Sound Refound: My new music flyers database
Last week I rolled out a new version of an old project. Over the years I’ve collected a number of promotional flyers from local concert venues in and around Lawrence, Kansas and Seattle, Washington. Since 2002 or so I’ve gone through a few attempts at sharing these online.
First was a pretty basic gallery of static HTML files generated by iPhoto and hosted on a .Mac account (now MobileMe, of course). This was fine for starters, but didn’t give me much control in terms of look-and-feel and definitely didn’t give me any ability to cross-index by band or venue. In 2005 moved things to a MovableType installation on DreamHost. To be honest, I only have vague recollections of this iteration, and remember more about the tedious uploading process than I do the end result. By backdating “posts” to the show dates, though, I was able to create a basic, searchable database of my flyers.
Next, in early 2008, I reworked everything into a WordPress-powered site. The addition of tags helped me index by band and venue, albeit in a slightly forced fashion. I also tried some design ideas I later regretted (specifically, a gigantic banner graphic that hid content from non-scroller-downers). At the end of the day, though, it was WordPress, and I don’t like WordPress, and it didn’t work exactly the way I wanted it to work, and as a seasoned web developer I should make something work exactly the way I want it to, right?
Enter Sound Refound. Nothing fancy, just a basic means of displaying a collection of media (in this case, images) and cross-indexing on some specific data fields (versus my generic tags approach in WordPress). The collection is small enough that I don’t think it warrants a keyword search; talk to me again if and when I have more than 200 artifacts in the database.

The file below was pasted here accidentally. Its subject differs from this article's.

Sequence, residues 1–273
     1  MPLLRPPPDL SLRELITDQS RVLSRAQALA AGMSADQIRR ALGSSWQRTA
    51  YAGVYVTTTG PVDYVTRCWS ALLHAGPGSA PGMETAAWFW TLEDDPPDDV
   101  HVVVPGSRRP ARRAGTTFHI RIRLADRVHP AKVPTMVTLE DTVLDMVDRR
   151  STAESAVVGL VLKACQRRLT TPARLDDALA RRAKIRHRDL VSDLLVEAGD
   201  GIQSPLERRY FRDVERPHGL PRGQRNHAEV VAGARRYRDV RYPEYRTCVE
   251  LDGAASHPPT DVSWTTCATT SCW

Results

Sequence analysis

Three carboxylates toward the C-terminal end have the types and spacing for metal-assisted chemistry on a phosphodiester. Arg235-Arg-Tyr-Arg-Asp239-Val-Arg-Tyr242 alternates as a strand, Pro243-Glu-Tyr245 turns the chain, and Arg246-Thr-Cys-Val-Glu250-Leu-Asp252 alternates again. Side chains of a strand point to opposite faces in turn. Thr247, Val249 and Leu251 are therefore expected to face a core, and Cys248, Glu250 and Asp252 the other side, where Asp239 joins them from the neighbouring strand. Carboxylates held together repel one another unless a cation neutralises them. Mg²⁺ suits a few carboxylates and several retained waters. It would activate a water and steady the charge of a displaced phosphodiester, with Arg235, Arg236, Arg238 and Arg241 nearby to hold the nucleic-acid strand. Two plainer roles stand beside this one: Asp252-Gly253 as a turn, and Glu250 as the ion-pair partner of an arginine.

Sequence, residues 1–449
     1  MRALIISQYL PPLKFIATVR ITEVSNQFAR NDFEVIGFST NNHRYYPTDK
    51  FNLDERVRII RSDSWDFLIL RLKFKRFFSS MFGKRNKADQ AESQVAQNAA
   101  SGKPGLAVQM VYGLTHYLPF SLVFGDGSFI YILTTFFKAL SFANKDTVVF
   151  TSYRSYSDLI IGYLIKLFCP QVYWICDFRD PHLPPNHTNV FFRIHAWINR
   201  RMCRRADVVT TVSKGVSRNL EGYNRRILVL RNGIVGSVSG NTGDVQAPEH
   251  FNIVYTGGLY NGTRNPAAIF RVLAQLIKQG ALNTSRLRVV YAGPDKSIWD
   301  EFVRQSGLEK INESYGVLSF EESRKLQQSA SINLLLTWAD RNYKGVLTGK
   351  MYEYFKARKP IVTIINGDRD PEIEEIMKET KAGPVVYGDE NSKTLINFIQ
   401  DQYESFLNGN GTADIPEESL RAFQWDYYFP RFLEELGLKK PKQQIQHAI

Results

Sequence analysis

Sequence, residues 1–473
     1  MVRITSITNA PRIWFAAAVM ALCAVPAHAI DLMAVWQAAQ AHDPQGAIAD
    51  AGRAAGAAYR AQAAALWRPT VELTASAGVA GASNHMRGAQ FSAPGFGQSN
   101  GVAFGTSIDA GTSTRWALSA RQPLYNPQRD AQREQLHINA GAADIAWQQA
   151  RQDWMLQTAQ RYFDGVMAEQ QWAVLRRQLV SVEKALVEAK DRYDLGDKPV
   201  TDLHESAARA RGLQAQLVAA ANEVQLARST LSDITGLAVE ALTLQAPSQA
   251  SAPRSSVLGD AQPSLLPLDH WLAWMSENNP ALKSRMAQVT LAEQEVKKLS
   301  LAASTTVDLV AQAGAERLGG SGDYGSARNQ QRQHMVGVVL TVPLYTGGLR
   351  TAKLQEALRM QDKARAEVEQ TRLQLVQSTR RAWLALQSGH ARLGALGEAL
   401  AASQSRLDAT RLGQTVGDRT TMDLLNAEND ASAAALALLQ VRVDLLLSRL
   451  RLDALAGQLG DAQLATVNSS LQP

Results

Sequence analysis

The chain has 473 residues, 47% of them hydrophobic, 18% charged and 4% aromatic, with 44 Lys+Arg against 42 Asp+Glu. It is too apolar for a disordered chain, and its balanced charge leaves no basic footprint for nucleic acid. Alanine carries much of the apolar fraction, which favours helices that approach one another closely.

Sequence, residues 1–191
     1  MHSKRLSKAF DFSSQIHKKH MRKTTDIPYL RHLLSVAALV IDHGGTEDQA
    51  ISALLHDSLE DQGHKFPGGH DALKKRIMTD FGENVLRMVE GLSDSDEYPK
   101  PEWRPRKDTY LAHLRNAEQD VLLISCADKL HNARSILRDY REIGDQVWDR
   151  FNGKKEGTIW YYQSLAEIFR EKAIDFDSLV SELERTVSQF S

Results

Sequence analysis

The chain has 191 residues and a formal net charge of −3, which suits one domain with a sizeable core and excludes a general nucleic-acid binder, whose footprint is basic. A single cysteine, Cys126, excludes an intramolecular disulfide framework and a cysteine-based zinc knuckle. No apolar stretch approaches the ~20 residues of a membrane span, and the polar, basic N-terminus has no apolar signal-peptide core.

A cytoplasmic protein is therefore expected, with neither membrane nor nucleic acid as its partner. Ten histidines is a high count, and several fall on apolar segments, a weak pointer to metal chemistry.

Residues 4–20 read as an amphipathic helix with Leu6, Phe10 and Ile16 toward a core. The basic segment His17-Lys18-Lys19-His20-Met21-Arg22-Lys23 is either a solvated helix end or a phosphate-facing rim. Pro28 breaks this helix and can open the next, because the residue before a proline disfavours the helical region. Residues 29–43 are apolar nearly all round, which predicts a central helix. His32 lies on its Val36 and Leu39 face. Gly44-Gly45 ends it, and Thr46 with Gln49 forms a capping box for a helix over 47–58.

The application itself is pretty basic–just a straightforward Rails
application with three models . The new thing for me with this app was
the deployment–after realizing that running a Rails 2.3.x application
on DreamHost was going to pretty much require installing my own copy of
Ruby in my account I decided to finally take a look at
Heroku for application hosting service. What can I
say, other than Heroku just works. I’m really impressed with the
git push heroku master and you’re
done, pretty much. The only snag I ran into was getting
Bundler to work with Rails 2.3.x,
so for now I’ve got my couple of gems I’m using installed as plugins.
It’s working fine, but will be something to address eventually. I’m also
using Amazon’s S3 cloud storage service to serve the actual flyer
images, another first for me technology-wise. Just like Heroku,
everything just works.
Since Sound Refound isn’t much more than a vanity project, anyway, I’m guessing S3 is going to set me back a few pennies a month (I’m also going with Heroku’s free level at the moment). It’s nice to be able to experiment with these technologies without being set back much cash, and it’s nice to have a little vanity project with which to experiment while I craft plans for thing(s) of a little more use to people besides me. Stay tuned?. Questions or comments? Let me know what you think. Page may contain affiliate links.